During the closing chapters of the Second World War in Europe, many of the key National Socialist locations within Bavaria were levelled by allied bombing; Obersalzberg, much of Munich, Nuremberg, Augsburg and Würzburg all suffered at the hands of allied carpet bombing. On the Obersalzberg most of the buildings of the Third Reich era were damaged by the raids, but the crowning feature of the off-limits area – the Eagle’s Nest, perched atop the Kehlstein mountain at 1841m (6040ft) above sea level – was miraculously spared. Even the original road and brass lined elevator of the Eagle’s Nest are still in situ, fully functional and open daily to tourist visits.

British RAF reconnaissance map of the Obersalzberg area following the bombing raid of April 1945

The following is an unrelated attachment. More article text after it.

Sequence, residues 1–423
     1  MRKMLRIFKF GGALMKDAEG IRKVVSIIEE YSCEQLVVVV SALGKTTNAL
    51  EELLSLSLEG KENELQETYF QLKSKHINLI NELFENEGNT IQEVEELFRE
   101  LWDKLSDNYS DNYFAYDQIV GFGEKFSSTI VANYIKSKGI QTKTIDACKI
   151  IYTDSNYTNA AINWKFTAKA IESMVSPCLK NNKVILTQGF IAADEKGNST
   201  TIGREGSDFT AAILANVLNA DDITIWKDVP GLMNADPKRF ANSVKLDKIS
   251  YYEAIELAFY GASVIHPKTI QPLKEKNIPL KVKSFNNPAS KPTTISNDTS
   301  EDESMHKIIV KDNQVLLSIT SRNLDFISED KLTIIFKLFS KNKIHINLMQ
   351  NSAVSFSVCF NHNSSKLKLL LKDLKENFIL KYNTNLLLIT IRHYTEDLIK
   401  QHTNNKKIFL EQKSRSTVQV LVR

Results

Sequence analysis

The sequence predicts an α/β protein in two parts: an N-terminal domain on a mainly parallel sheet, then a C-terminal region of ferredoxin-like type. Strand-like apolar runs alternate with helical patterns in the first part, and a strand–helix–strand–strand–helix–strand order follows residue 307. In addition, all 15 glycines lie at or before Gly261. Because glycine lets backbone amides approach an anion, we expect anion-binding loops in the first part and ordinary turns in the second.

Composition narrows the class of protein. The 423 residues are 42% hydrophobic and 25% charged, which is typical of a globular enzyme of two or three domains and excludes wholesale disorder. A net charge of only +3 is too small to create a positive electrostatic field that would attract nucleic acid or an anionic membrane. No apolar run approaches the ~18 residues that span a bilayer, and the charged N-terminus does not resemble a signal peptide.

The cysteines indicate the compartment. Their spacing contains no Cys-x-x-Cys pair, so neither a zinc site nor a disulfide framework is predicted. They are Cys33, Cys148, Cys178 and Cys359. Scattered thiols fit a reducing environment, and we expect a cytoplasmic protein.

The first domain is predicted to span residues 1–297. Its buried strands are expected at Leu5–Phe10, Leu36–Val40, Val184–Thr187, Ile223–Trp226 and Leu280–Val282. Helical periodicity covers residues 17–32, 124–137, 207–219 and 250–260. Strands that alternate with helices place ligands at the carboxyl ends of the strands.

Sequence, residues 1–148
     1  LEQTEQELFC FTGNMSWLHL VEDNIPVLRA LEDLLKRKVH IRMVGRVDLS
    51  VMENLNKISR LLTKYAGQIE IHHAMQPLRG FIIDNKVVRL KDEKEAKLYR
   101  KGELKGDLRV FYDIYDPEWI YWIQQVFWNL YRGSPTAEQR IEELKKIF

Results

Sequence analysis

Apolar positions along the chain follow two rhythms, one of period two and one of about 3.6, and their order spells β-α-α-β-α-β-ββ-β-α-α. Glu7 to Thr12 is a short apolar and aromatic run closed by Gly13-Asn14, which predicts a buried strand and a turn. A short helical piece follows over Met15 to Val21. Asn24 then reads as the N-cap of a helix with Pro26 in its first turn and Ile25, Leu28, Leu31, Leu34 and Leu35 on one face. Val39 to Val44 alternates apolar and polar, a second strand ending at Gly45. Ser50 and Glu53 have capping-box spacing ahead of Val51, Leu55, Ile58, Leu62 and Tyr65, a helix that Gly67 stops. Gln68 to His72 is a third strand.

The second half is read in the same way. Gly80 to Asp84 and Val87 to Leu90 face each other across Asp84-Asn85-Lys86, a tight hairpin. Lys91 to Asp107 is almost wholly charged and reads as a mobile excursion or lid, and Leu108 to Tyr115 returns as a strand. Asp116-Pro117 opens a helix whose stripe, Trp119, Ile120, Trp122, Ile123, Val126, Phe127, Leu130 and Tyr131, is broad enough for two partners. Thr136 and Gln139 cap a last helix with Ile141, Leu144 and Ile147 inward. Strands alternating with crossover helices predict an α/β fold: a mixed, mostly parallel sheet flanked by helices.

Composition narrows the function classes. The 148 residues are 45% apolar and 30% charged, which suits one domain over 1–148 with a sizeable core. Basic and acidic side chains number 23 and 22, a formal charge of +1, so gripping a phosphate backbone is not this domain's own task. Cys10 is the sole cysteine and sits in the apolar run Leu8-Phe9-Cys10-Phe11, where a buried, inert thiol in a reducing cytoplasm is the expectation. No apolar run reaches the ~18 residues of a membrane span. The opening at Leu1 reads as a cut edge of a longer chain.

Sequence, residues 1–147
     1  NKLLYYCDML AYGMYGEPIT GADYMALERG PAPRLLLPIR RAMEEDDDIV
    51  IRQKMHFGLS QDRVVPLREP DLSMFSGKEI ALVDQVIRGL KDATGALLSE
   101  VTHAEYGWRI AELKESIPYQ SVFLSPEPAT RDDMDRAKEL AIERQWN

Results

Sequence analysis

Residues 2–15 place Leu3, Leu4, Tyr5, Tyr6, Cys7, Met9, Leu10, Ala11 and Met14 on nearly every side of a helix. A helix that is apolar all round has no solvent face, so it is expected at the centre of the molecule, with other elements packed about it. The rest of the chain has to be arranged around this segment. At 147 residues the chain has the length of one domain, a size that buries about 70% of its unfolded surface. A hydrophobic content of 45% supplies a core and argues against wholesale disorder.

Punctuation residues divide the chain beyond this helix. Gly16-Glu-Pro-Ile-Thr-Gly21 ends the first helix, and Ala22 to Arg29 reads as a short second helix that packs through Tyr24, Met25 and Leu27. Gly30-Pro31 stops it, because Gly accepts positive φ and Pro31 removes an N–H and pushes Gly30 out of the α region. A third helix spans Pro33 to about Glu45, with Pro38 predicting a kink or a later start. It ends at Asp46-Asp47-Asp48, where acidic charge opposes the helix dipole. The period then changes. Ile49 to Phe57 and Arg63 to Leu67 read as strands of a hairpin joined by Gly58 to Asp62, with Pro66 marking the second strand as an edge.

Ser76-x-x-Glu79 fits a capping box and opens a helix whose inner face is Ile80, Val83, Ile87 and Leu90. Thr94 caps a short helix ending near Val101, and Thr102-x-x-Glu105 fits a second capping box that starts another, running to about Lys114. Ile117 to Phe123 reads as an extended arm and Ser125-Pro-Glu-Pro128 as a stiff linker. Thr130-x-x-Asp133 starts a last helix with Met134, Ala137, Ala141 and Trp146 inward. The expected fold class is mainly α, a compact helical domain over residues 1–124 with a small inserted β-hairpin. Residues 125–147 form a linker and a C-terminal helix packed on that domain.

Berchtesgaden was chosen by the Third Reich administration as their final rallying point and it was thus the main objective of the western allies (British, American and French) in the closing stages of the conflict in Europe. On May 4th, the allied troops entered Berchtesgaden, keen to be the first to liberate the Obersalzberg. It’s a moot point as to who got there first, but consensus is that there are two main contenders: the American 3rd Infantry and the French 2nd Armoured Division. Hot on their heels was the American 101st Airborne division, who were met by local District president Theodor Jakob, keen to peacefully surrender the entire Berchtesgaden area. The American contingent decided to take the former Third Reich administration’s seat of Obersalzberg as their own and converted many of lightly damaged buildings and several buildings in the wider Berchtesgaden area into a rest and recreation resort for the use of US armed forces personal stationed in Germany.